On Tuesday, the 26th session of the Committee on Forestry (COFO) of the Food and Agriculture Organization of the United Nations (FAO) spent much of the day trying to reach consensus on conclusions regarding the FAO's flagship forestry report, the State of the World Forests 2020 (SOFO 2022) and its analysis of three interrelated forest pathways for achieving green recovery and tackling multidimensional planetary crises. The Committee also addressed the roles of sustainable wood and non-wood forest products’ value chains and sustainable wood energy in helping the world meet the need to achieve resilient and carbon-neutral economies.
After completing the round of national interventions on SOFO 2022 that had begun on Monday, the Chair offered his draft summary of conclusions on this agenda item. Delegates easily agreed to an additional paragraph suggested by a member, inviting FAO to support for information, knowledge, and development of innovative tools and finance mobilization for topics covered in the report, and inviting FAO to raise awareness about the socio-economic roles of forests. They also agreed to an additional paragraph suggested by a member inviting FAO to support, upon request, members’ efforts to promote small-scale producers, women, local communities and Indigenous Peoples to take active and leading roles in scaling up action on the ground on the forest pathways.
Some members had difficulty with a reference to halting deforestation, preferring instead to “limit” or “manage” deforestation. Others warned against reducing ambition on deforestation enshrined in the Sustainable Development Goals and the Global Forest Goals. In the end, the Committee agreed to language on “collective action to halt forest loss and degradation.”
The Committee had difficulty reaching consensus on three other points regarding the conclusions on SOFO. The first involved the role of agricultural expansion (or agriculture’s expansion) in deforestation: a proposed additional passage noting that agricultural expansion is responsible for nearly 90% of global deforestation, and that the FAO has an important role to play in finding out how to address the causes, was strongly contested by several producer nations.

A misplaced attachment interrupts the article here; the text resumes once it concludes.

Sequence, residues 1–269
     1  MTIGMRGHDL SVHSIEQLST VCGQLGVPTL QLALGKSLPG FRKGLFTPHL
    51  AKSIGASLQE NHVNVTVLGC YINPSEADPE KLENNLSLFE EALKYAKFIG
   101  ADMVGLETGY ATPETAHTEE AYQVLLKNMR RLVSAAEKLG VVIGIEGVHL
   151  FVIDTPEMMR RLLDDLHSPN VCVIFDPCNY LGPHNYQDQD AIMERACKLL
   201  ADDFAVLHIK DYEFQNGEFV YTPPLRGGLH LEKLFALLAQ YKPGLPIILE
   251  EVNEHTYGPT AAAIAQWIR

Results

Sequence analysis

The second concerned proposed references of the impact of the “war in Ukraine” on forests and food security, which was opposed by the Russian Federation and Belarus. The third involved opposition by Brazil, China, and the Russian Federation to a proposal by the US, supported by Australia, to condition inviting members to strengthen and increase technology transfer “on voluntary and mutually agreed terms.”
The Chair announced he would conduct informal consultations on these issues on Wednesday morning prior to plenary.
The discussion on sustainable wood and non-wood forest products opened with a high-level panel featuring Tanimote Tetsuo, Director, International Forestry Corporation, Forest Agency of Japan; Maria Patek, Ministry of Sustainability, Austria; and Tom Okello Obong, Executive Director, National Forestry Authority, Uganda.
Tetsuo said through public-private partnerships, institutional arrangements and financial mechanisms Japan has encouraged all stakeholders to use sustainably produced wood. Patek stressed the importance of funding research, forest management, and use of innovative technologies. Obong said that the use of non-wood and wood products is essential to local communities and contributes to food security and called on members to assist with solutions that help transform the agrifood system.
The Committee began consideration of the draft conclusions on this agenda item and made minor editorial changes until they reached the provision on technology transfer, where once again members could not agree on a suggested amendment from the US about “mutually agreed terms.” The Committee will resume discussions on the agenda item on Wednesday morning.
All ENB photos are free to use with attribution. For COFO 26, please use: Photo by IISD/ENB | Natalia Mroz
To receive free coverage of global environmental events delivered to your inbox, subscribe to the ENB Update newsletter.